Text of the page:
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05-Mar-2018

Urban 'base' in the country

By ADP

By Justin Metcalfe

A MILITARY BASE ONCE CAPABLE OF WAGING WAR, IS BEING TRANSFORMED INTO A GROWING COMMUNITY

Village-like developments blend the best of country living with the benefits of a modern lifestyle. In Oxfordshire, ADP is working with Dorchester Living to transform a former military site into a new mixed use village centre that will create a community hub for existing and new residents.

The back story of the land is intriguing, even if you aren’t interested in military history. Set within 1, 231 acres of Oxfordshire countryside, RAF Upper Heyford played a pivotal role throughout military history. Built in 1916, it provided facilities for training air crews in the First and Second World Wars, and later served as a base for the United States Airforce during the Cold War. The father of Wayne Dobbins (one of ADP Oxford’s studio directors), was one of 15,000 American servicemen stationed there, all of whom built a close relationship with the local community. Upper Heyford was known as ‘Little America in Big Oxfordshire’ at the time.

The site was acquired by Dorchester Living in 2009, 16 years after the base was originally decommissioned. The vision was create the right mix of ingredients to cater for a diverse community of different age groups, with different economic characteristics.

ADP is responsible for developing the main buildings that create the Village Centreat the heart of the settlement area, which will provide amenities for both new and existing residents. Planning approval has been given for 1075 homes, 267 of which are existing military dwellings that once housed servicemen.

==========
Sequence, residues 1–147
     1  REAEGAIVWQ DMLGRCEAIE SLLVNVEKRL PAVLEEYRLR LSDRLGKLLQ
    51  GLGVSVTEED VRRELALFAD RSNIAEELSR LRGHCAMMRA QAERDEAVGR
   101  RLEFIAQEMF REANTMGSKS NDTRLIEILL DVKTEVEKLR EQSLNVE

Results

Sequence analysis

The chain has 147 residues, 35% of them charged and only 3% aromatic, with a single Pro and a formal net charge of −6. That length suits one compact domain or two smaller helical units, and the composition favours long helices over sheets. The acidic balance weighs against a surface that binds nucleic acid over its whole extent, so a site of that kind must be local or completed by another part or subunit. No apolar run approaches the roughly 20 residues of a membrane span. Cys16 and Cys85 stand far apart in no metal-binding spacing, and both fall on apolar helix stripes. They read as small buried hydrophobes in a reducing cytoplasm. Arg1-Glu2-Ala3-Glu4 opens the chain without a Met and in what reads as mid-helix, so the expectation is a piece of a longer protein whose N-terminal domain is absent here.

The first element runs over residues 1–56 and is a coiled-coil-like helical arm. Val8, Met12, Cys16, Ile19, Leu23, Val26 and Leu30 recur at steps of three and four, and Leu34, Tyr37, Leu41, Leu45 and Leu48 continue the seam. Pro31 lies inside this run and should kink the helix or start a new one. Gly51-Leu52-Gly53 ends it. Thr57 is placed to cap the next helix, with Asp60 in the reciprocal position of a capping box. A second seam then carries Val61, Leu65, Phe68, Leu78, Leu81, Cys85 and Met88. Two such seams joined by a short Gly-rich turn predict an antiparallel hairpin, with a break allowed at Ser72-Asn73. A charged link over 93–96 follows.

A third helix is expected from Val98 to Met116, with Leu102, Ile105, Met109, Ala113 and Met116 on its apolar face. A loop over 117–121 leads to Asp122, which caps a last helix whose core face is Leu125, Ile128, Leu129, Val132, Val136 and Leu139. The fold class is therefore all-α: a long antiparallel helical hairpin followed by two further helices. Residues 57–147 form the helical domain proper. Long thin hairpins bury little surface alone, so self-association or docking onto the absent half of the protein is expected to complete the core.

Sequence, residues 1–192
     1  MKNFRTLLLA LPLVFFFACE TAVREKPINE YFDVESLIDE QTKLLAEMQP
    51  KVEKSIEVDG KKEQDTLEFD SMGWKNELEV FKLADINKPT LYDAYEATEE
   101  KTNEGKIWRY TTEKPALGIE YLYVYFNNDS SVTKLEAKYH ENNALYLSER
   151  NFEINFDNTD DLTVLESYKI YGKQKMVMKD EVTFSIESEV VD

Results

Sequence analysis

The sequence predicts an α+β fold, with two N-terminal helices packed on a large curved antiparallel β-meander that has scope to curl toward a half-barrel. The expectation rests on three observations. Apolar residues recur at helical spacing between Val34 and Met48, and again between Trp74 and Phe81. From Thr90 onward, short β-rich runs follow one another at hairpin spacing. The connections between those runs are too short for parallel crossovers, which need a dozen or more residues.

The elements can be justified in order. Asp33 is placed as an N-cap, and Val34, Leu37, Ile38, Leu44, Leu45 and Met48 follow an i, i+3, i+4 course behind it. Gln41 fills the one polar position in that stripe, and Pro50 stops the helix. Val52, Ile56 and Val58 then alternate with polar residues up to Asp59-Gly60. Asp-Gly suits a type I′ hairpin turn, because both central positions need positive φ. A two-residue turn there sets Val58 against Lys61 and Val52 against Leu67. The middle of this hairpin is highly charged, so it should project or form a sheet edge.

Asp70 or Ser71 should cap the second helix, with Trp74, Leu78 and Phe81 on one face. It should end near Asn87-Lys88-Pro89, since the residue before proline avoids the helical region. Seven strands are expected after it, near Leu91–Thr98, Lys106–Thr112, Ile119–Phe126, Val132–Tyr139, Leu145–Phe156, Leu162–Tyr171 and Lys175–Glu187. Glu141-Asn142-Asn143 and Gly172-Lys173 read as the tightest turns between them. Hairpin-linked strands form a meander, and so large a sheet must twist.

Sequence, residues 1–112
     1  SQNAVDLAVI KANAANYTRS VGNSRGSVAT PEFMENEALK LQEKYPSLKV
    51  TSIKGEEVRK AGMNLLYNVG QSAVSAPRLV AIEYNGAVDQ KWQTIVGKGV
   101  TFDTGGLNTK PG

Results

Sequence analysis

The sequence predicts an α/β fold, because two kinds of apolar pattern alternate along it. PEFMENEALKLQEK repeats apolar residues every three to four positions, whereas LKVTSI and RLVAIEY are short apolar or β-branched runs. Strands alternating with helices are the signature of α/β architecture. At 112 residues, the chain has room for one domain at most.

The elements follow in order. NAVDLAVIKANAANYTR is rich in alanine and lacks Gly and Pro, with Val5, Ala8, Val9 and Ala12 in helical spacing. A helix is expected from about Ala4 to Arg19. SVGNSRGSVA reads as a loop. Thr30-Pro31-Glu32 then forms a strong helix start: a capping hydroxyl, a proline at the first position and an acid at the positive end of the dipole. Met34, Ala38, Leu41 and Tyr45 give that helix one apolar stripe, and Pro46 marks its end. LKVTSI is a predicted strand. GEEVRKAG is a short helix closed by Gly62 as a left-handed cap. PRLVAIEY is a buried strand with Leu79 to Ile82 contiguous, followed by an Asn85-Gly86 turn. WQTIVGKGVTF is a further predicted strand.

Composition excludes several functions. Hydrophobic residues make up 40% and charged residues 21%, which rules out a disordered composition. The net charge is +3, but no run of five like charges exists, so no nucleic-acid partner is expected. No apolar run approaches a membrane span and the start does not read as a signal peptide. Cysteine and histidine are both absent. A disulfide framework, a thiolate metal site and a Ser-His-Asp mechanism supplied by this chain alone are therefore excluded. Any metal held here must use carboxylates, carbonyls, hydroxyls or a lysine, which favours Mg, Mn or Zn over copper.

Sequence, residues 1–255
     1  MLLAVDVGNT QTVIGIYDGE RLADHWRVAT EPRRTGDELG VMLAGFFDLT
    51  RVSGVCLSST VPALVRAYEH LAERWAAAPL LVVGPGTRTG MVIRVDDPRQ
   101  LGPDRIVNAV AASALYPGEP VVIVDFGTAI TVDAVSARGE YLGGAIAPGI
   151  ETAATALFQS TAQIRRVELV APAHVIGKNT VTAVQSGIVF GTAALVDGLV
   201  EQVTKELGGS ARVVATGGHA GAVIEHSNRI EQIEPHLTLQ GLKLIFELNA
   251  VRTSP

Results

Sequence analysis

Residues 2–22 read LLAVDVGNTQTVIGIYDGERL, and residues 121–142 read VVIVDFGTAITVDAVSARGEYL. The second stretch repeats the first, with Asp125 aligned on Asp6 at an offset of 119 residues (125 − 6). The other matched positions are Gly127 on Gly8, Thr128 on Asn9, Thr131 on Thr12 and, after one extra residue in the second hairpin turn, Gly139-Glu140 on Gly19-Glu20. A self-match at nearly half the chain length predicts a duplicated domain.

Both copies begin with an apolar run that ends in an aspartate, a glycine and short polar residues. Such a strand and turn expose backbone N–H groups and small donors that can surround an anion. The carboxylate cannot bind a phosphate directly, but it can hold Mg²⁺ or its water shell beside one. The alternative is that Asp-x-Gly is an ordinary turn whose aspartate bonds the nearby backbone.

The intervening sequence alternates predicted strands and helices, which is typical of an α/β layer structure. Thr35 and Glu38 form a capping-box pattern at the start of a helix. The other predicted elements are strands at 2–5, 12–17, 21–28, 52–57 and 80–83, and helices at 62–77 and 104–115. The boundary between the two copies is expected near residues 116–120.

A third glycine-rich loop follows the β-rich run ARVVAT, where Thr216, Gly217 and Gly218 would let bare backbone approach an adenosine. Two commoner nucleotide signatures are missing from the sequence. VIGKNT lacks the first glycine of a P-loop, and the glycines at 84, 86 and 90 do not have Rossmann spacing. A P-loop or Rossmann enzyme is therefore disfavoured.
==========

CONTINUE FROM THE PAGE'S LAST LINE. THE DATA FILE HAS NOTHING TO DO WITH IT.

Village Centre North consists of accommodation arranged along the wide and tree lined Camp Road, which is the main east-west axis route through the site. The blocks will provide commercial and residential accommodation, with a mixture of shared ownership and affordable housing, a food store, and retail space. To ensure active frontages, commercial and retail spaces are located on the ground floor with apartments above. Projecting boutique style awnings at street level will also increase activity and movement.

A steel framed glazed market and cricket pitch in the Village Square will provide the opportunity for community participation and gatherings. ADP is also delivering Village Centre South that will provide a hotel, a pub, bars, a restaurant, a bowling alley, private function rooms, a gym suite, and 12 boutique hotel rooms.

The regeneration framework has combined the best of the past with sensitive new development, which has been designed to respect the distinctive architecture on the site. ADP also converted the iconic red-brick Officer’s Mess into a Free school, and an old military gymnasium into a sports centre. The history of the airbase is an integral part of the pupils’ education, and ‘houses’ are named after pilots. Ella Fitzgerald, Etta James and Eartha Kitt all once sang in what has become the school's hall.

From the outset the developer was keen to develop a long term legacy for the site, with a commitment to continued investment in the social and physical infrastructure. With old and new residents living side by side, creating a sense of place and providing amenities for the whole community was essential in ensuring social cohesion and long-term economic sustainability. Equally important was embracing the historic significance of the site to preserve the cultural memories of the generations of people who decided to settle there after the base closed.

ABOUT THE AUTHOR

Justin Metcalfe

Justin Metcalfe

Justin has strong conceptual design skills and appreciates the benefits of collaborative working.

Having spent a significant amount
time studying bioclimatics,
sustainable design is one
of Justin’s key interests.

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